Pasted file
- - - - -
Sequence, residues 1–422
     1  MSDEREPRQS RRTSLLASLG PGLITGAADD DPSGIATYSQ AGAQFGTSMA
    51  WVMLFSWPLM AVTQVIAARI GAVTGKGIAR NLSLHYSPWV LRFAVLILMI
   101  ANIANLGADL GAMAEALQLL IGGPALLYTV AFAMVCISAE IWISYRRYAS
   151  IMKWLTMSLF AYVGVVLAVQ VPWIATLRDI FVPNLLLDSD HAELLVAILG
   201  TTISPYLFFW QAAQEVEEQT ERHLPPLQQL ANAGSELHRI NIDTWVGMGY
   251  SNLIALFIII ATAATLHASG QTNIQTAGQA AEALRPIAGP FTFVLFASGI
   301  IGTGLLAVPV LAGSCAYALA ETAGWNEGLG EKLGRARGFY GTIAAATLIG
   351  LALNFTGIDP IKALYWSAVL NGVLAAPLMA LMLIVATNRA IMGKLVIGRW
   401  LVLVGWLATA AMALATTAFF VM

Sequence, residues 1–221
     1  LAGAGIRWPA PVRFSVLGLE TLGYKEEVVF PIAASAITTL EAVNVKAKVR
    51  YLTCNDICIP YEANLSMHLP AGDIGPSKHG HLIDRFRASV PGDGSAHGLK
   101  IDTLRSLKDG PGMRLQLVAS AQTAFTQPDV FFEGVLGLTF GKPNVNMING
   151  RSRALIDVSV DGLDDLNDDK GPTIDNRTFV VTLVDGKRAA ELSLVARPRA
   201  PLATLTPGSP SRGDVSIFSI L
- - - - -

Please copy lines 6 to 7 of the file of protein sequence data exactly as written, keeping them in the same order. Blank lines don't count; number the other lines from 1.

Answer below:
   201  TTISPYLFFW QAAQEVEEQT ERHLPPLQQL ANAGSELHRI NIDTWVGMGY
   251  SNLIALFIII ATAATLHASG QTNIQTAGQA AEALRPIAGP FTFVLFASGI